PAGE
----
The recent results suggest that, rather than being a stable cradle for tropical life, the tropics may have been a crucible; during warming, many taxa may have been forced to flee poleward, innovate, or face extinction (28). These far-ranging implications are a lot to place on the narrow shoulders of the few published proxy records, but they highlight the importance of the next challenge: collecting more tropical multiproxy records and establishing the accuracy of existing ones.

Dr Matt Huber of Purdue is someone I have spoken to on occasion about paleoclimate matters. We started to talk about doing a collaboration, but it fell apart when we were both not able to sync up. Alas. That said, he was looking into, a couple years ago, doing some simulations on the Pliocene. The world at that point had a climate of 2.5 C warmer than now. IDK if Matt ever got around to doing the simulations or not, but it seems someone else now has an interest. Unfortunately, Scotese lacks a Pliocene climate map. Otherwise I'd point you there. Well, the Miocene may not be that far off.

That said, it appears that the tropics are a highly unstable region ecologically. During the Pleistocene, it was shattered into small forests all over the place. During the Eocene, if Matt's hypothesis is right, the tropics became too hot for C3 plants to survive. This idea that the tropics have been radically unstable over time is interesting because it means that it would explain why the tropics always have the highest extinction rates: their environment rather than being the most stable is the most volatile. And due to the fact that most tropical critters are not large and the fossil record biases towards the largest critters anyways, this may explain why there are some questions about the which area has the highest origination rates.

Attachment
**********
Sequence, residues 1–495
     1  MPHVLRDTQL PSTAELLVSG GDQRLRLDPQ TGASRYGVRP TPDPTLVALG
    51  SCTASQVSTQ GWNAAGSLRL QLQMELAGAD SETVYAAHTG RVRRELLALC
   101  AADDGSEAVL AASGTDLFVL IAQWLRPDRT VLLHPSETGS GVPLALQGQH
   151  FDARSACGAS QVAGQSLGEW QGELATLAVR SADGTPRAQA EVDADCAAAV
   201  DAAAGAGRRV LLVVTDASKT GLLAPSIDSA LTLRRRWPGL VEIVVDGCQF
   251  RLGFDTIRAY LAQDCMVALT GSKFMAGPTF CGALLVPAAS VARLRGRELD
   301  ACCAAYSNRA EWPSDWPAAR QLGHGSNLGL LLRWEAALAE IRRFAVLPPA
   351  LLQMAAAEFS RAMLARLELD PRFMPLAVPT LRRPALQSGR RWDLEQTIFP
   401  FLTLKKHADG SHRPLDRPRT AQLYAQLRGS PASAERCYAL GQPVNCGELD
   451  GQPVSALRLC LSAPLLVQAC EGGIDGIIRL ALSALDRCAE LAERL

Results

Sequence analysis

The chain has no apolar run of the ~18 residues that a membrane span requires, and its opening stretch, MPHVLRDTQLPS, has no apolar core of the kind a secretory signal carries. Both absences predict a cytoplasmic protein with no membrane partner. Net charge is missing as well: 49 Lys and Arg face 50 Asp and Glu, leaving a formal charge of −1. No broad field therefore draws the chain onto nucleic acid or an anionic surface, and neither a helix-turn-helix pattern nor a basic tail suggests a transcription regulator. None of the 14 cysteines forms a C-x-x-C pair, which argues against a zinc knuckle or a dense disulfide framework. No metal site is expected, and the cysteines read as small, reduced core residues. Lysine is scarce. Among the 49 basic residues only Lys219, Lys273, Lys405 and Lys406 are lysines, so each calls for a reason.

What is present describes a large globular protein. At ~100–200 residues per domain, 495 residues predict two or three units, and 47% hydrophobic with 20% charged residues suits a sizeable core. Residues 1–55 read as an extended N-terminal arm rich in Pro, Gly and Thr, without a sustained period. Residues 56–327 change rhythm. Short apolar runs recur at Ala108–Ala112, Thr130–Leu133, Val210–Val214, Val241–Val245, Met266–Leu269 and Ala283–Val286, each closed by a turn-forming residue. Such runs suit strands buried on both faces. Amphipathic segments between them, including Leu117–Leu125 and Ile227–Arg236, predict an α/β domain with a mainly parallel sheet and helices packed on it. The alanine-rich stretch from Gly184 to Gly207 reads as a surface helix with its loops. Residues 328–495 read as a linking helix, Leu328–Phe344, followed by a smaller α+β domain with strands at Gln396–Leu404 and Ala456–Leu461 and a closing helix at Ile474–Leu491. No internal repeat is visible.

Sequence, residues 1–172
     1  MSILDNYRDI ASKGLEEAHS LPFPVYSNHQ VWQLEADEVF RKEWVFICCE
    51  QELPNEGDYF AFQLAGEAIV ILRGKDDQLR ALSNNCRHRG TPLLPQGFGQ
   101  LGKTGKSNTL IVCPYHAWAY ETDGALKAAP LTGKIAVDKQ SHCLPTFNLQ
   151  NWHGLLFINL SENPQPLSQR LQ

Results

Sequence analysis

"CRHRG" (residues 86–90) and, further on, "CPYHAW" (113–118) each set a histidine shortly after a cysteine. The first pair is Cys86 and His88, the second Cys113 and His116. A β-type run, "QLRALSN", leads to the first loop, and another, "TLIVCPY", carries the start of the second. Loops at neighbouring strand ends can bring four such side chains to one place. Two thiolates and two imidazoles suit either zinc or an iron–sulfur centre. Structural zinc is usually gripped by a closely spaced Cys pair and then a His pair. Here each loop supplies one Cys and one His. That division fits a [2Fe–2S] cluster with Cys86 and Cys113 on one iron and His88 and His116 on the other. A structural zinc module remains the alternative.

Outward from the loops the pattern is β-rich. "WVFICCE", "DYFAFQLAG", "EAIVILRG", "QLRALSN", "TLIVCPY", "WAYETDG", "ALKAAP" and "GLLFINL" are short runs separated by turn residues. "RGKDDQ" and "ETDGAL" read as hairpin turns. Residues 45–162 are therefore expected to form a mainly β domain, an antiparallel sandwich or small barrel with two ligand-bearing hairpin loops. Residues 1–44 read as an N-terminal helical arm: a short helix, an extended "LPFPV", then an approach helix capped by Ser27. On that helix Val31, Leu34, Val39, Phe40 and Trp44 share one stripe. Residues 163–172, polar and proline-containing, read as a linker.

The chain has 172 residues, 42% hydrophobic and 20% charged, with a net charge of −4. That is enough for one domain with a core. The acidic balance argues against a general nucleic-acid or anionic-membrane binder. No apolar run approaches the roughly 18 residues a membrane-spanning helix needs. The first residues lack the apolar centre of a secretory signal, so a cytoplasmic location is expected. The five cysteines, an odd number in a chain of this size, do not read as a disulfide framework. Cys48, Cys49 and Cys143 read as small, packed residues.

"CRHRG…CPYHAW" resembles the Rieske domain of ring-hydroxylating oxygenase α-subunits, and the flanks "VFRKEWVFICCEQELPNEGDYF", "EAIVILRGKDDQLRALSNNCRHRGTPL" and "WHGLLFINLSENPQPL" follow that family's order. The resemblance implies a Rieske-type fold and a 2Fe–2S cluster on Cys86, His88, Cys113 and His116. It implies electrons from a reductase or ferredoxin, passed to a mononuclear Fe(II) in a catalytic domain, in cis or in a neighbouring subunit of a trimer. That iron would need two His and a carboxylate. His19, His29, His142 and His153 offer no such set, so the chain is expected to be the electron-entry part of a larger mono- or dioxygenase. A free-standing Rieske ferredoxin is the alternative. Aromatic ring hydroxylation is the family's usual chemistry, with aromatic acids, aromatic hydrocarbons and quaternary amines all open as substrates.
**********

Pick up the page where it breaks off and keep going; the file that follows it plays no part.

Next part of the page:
That said, if the tropics of tomorrow are still wet and the temperatures that much higher, could we see the first great tropical forests of grass and succulents? That'd be interesting!

Hey, didn't the succulents originate in the tropics? I seem to recall as a child hearing that and it being something of a surprise. Perhaps this is why. The succulents present there now are survivors from a time when the tropics were more arid.


Anonymous said...

Will, for some reason I find this post rather disturbing. Vasty tropical deserts with daytime temperatures above 130 is the implication, right?

BTW, I'm interested in paleoclimatology ... but only just enough to greatly appreciate a translation of the articles. The prose requires more parsing by the uninitiated than you may realize.

Please request same on TPTM, should I fail to sufficiently translate stuff that you find interesting!